This month I've decided to post every day. Since I don't have enough original things to write about (hence the desertish nature of my blog lately), I've decided to ask a new question every day this month and hope that I get answers. I have questions; you have answers.
Happy Veteran's Day. Sort of. I might be the poster child for tree-hugging, bleeding heart liberal, but I am ever thankful for people who are willing to serve my country and protect me by putting themselves in harm's way. Plus, I'm married to a veteran.
I'm a neurologist, so I think about the brain. I think about things that hurt the brain. I think about what happens to the brain after it gets hurt. Mix in thinking about Iraq and Afghanistan, and you see me worrying about the current state (or lack thereof) of adequate health care and mental health care for our returning soldiers. I am lucky that I have good health insurance (providing I remain healthy and employed, that is). TheHusband served in the military and was honorably discharged, so he is entitled to health care through the VA system. Sadly, I am happy that he does not have to receive care there. Trust me, I've worked in a VA Hospital, and I know of what I speak. Issues relating to poor health care in the VA system aren't solely related to the ... um... lack of services at the institutions (I'm being kind here), but also to the lack of coverage where coverage is needed. VA clinics and hospitals are relatively few and far between, especially in rural areas, where the need is likely to be greatest.
Traumatic brain injury and PTSD are seen in increasing numbers of soldiers returning from Iraq and Afghanistan. While the diagnosis of these disorders may be easy in severe cases, diagnosis and treatment of mild or moderate cases can be difficult and confusing. A simple PubMed search of PTSD plus TBI returned 102 articles, 21 of which were published in 2010. Not an insignificant problem. As you can imagine, something that is difficult to diagnose is likely to be difficult to treat. There is no real good treatment for either of these disorder, which even in their "mild" forms can be quite disabling. Add together disroders that are hard to diagnose, difficult to treat, and a health care system inadequately prepared to deal with these issues, and it equals sick servicemembers who are not receiving care they deserve.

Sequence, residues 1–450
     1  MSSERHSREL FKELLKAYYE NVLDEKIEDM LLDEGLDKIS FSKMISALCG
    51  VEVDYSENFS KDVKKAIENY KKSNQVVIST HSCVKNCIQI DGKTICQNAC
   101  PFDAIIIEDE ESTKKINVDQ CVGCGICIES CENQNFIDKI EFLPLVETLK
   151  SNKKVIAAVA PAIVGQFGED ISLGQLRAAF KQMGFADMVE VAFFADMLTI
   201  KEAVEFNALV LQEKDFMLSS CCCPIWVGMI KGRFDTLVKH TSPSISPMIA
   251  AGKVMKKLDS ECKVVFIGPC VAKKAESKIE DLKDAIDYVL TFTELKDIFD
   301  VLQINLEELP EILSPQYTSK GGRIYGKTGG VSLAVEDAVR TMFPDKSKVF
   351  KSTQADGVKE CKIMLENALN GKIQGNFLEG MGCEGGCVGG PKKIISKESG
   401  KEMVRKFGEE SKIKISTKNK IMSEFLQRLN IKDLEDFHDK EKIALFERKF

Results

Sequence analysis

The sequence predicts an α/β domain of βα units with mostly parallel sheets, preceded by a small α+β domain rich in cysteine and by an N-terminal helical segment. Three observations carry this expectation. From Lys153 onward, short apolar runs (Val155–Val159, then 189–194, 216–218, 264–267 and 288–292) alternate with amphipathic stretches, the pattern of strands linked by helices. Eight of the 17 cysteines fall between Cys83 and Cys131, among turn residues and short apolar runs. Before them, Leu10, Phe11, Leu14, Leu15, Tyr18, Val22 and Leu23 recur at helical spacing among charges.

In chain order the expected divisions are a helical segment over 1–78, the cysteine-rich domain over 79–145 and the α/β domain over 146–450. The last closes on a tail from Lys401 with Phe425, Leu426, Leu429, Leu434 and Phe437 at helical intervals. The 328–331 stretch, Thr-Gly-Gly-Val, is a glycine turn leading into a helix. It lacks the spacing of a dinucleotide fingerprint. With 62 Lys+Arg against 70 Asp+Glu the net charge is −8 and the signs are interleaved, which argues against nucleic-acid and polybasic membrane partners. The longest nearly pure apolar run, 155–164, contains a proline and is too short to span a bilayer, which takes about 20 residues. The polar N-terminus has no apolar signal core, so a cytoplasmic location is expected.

The lack of adequate chronic and mental health care is a concern for all of us, not just for the servicemembers and their family members. The Army Times has identified a serious lack of available care for treatment of traumatic brain injury (TBI). Reports have shown that the Army's efforts to reduce returning soldiers' suicides are failing.
So what do we owe our veterans? At the very least, we owe them adequate health care, especially to take care of war-related injuries.
I wish that this post included brilliant ideas for fixing these problems, but I don't have any. But neither, it seems, do people who are in charge.